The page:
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Victor Maghakian, a legendary World War II Marine who won more than two dozen medals for heroism while serving in the Pacific, died Wednesday [August 17, 1977] in a Fresno hospital. He was 61.

One of the most decorated Leathernecks of the war, Maghakian was wounded twice, earned the nickname “Transport” for his island hopping while fighting with Lt. Col. Evans Carlson and his Raiders and had his exploits portrayed in a major movie.

As a gunnery sergeant, he led his platoon through some of the bloodiest fighting in seven South Pacific campaigns. For his deeds, he was awarded two Silver Stars, two Bronze Stars, two Purple Hearts and the Navy Cross, next only to the Medal of Honor in importance.

Maghakian won the Navy Cross during the storming of Makin Island in August 1942 when he became the first Marine to be struck by a Japanese bullet. The raid was memorialized in a book and then was depicted in the film, “Gung Ho.” Maghakian’s part was played by Sam Levene.

Once during an interview, he was asked what made a man in wartime walk fearlessly toward what could be certain death.

“It seems to get you mad. Good and mad. Furious,” he said. “You make up your mind you are going to get that so and so if it costs you a slug in the belly.”

On Guadalcanal, Maghakian got so mad at a hidden sniper he revealed his own position so that his fellow Marine could spot the Japanese and shoot him. He himself was wounded in the hand by the sniper.

A native of Chicago, Maghakian moved to Fresno with his family in 1930. His military career started six years later when he joined the Marines. He was a member of the expeditionary force in Shanghai during the early part of the Sino-Japanese War.

In the interim between his first and second hitches in the Marine Corps, he was employed as a deputy with the Fresno County Sheriff’s Department. He reenlisted immediately after the attack on Pearl Harbor.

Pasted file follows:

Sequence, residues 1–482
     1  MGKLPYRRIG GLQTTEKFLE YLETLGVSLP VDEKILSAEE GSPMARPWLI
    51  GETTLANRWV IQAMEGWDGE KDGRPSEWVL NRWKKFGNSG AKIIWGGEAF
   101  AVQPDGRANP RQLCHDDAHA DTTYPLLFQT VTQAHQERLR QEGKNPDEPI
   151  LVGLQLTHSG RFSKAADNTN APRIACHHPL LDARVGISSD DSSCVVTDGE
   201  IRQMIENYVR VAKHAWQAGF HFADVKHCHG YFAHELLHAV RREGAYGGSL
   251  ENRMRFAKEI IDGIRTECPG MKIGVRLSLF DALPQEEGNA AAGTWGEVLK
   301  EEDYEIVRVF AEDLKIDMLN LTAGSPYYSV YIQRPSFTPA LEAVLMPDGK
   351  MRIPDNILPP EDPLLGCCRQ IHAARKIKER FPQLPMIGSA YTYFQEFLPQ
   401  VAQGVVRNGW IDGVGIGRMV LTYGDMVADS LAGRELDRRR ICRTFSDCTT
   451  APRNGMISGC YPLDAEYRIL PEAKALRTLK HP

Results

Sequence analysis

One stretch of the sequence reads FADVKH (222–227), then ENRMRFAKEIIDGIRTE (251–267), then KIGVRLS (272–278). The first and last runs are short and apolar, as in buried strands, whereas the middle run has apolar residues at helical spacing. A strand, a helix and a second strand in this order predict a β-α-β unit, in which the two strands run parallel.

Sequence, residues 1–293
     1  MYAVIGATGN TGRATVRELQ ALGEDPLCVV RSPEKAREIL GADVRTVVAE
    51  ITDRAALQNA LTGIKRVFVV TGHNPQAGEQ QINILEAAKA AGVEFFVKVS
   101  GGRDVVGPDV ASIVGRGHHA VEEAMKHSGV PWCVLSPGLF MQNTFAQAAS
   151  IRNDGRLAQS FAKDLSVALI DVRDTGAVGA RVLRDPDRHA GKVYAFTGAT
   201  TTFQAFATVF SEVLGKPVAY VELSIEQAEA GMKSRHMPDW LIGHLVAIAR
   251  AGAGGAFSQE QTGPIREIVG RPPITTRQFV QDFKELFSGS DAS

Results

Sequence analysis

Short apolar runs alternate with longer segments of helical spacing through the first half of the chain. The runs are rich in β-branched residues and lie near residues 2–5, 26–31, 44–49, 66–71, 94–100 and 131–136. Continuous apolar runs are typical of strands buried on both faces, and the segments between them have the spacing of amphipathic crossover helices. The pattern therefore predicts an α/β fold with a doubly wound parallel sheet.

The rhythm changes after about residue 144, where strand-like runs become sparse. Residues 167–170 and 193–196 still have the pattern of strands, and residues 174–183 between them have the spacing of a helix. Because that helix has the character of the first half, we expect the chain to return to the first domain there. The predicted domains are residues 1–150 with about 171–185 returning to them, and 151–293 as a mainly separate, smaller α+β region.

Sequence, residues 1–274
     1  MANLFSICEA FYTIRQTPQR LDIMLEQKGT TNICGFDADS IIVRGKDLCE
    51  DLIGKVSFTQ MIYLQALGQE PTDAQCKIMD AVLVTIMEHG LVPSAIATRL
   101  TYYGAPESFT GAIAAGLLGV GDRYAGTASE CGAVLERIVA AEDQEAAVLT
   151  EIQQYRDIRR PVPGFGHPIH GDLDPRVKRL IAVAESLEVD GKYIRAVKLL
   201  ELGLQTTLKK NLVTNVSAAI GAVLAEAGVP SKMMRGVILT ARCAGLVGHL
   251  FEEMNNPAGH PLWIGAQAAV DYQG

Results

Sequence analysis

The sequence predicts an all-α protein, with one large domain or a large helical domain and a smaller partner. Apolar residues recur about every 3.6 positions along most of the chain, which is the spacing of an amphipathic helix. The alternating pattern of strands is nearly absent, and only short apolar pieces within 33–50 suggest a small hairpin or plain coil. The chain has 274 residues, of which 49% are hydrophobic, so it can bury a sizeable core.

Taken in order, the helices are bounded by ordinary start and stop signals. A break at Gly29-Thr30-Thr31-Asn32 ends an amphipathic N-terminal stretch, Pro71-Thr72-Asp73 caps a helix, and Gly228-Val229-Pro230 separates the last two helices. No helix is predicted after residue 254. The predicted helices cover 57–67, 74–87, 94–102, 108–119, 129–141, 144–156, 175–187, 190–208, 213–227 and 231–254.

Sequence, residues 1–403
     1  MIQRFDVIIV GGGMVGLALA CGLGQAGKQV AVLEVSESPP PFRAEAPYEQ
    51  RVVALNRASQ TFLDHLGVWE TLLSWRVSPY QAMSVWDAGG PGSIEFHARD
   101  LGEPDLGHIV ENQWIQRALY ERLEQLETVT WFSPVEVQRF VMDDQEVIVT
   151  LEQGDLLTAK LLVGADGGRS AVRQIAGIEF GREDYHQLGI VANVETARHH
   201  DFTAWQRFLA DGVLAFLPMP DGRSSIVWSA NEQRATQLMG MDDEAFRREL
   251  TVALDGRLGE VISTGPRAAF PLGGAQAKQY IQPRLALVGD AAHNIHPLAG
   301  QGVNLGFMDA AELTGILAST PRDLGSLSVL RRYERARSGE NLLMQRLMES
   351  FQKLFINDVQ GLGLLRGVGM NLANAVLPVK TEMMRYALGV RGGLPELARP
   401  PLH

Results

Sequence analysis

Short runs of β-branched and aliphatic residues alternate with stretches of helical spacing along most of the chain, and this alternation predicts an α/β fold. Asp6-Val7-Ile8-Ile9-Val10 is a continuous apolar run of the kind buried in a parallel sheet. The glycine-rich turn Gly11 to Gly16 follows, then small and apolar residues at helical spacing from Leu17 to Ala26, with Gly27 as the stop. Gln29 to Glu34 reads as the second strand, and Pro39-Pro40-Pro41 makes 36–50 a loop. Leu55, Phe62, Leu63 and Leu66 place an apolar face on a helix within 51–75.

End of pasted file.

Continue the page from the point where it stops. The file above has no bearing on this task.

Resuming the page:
Maghakian ended his military career as a captain. Following the war, he returned to Fresno and operated a service station. He later worked as a State Department security officer stationed in Morocco.

From 1954 to 1974 when he again returned to Fresno, he lived in Las Vegas where he was employed with a hotel and casino. While there, he also served on the Nevada State Game Control Board.

Maghakian belonged to a variety of military organizations, including the Disabled American Veterans, the 4th Marine Division Association and the Marines Memorial Association. He also was a life member of the Elks Lodge and belonged to the Scottish Rite-York Rite Order, the Masonic Lodge and the Shrine.

He is survived by his widow, the former Vera Karoglanian; three brothers, Harry of Fowler, Mike of San Francisco and John of Fresno, and three sisters, Mrs. Ann Purcell of Richard, Va., Mrs. Virginia Garabedian of Fresno and Mrs. Margaret Sarabian of Sanger.

Services will be held at 10:30 a.m. Saturday in the Holy Trinity Armenian Apostolic Church. Burial will be in the Ararat Cemetery.